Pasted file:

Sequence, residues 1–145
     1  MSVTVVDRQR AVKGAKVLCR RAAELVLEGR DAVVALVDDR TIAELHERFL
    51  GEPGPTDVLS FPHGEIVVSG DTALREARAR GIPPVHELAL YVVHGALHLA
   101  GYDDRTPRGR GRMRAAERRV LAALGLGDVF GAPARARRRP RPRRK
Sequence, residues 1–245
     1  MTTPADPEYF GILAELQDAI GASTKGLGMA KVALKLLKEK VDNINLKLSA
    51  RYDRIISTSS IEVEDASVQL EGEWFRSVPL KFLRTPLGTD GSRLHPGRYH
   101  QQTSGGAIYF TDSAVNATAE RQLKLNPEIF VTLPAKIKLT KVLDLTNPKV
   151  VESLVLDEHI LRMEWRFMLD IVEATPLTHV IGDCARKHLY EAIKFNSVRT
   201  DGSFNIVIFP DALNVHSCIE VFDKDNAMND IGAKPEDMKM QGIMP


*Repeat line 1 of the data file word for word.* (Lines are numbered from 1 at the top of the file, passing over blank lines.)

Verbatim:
Sequence, residues 1–145